How to turn lemons into lemonade, part III
Here’s a view I find helpful, relevant to how Johnny Depp made useful something others would lament. Whether Depp used it or not, I don’t know.
I don’t view things in life — jobs like telemarketing; tangible things like dogs, cats, and trees; intangible things like ideas; … whatever — as good, bad, positive, or negative. They just are what they are — jobs, dogs, cats, etc.
Any value they have comes from how they affect your life. If they don’t affect your life at all, they have no value. If they change your life significantly, they have significant value. Even significance only determines the quantity of the value, not its quality.
If something changes your life it changes your motivations — meaning it affects your emotions. The emotions something evokes — or to put it more actively and less reactively, the emotions you create in response to something — determine its value. If you feel calmness in relation to something, it’s a calm part of your life. It it makes you angry, it has a value of anger.
If you pass a dog on the street without noticing it, it has little or no value. If it bites you and causes pain, that dog is a painful part of your life. If it’s stray, you adopt it, and you love it, dog becomes a loving part of your life, perhaps of great magnitude.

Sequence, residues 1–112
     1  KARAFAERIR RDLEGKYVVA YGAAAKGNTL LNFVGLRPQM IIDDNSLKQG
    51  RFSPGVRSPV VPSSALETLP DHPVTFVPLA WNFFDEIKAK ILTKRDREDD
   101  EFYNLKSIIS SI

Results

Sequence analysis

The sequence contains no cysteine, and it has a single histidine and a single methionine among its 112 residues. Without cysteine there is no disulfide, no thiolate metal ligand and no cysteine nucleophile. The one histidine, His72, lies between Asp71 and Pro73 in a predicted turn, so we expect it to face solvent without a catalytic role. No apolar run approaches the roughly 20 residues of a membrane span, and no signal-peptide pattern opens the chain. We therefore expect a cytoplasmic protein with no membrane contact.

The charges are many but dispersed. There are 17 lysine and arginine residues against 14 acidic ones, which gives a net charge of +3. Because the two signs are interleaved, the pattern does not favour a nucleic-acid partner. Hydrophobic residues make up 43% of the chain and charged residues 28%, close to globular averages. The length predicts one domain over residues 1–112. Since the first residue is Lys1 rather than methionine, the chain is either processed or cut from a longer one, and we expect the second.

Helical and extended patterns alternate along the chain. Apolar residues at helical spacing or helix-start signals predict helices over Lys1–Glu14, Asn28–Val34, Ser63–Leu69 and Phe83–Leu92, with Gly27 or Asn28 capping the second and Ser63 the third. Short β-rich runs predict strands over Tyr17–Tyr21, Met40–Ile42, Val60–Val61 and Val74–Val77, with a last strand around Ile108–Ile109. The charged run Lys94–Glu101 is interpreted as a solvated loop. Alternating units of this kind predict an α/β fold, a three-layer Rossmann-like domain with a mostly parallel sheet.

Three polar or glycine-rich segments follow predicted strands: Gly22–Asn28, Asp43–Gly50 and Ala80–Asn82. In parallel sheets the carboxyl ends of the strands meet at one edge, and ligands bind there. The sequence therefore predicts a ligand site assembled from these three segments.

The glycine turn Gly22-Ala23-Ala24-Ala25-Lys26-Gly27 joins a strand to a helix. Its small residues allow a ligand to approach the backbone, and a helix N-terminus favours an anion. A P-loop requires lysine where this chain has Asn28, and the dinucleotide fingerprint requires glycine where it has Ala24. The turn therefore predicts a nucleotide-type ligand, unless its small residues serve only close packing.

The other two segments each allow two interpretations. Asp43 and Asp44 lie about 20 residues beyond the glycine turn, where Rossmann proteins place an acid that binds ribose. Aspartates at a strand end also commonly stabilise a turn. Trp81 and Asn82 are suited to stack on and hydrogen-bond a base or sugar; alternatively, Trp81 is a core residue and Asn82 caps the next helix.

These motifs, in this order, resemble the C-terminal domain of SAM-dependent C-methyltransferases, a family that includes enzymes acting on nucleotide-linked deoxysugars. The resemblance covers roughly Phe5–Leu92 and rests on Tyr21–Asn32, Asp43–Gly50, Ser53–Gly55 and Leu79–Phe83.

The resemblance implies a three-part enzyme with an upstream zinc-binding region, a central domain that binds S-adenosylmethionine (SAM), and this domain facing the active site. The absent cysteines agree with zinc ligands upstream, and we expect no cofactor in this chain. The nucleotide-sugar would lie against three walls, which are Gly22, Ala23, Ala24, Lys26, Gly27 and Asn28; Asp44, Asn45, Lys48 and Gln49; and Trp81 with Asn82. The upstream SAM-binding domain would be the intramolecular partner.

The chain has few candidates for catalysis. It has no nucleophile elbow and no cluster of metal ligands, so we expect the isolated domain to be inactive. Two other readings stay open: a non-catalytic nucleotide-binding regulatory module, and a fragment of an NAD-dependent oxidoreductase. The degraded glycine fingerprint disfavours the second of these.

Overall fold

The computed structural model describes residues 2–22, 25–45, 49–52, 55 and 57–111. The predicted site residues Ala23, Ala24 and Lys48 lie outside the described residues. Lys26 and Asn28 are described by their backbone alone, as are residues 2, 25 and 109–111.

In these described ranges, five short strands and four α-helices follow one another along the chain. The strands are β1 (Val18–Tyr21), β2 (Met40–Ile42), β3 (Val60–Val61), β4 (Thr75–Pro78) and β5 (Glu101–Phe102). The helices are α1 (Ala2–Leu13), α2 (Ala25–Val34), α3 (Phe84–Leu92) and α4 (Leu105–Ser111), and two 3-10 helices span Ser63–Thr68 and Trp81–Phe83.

You could say if something affects your life negatively, it has a negative value and if it affects your life positively it has a positive value. As I wrote last week, I find calling emotions positive or negative counterproductive. The same follows for the things that cause the emotions. If Depp called telemarketing bad or negative, no matter how much he disliked selling pens over the phone, he would not likely have made the job his first acting gig.
Instead of calling things or the emotions you connect with them good, bad, positive, or negative, I figure out if they’re helpful or not and, if not, how I can make them helpful or useful. Determining helpfulness or utility implies a goal. In my case, my ultimate goal is always improving my life — mainly bringing about the emotions I want that I know are based in common human interests we all share.
I suspect Johnny Depp looked at telemarketing without evaluation — not whether it was good or bad per se, but how he could use the experience to further his goals. He likely asked himself what skills he was learning and how he could combine them with his passions — performing on stage.
I bet he didn’t find telemarketing good or bad so much as he found it useful.
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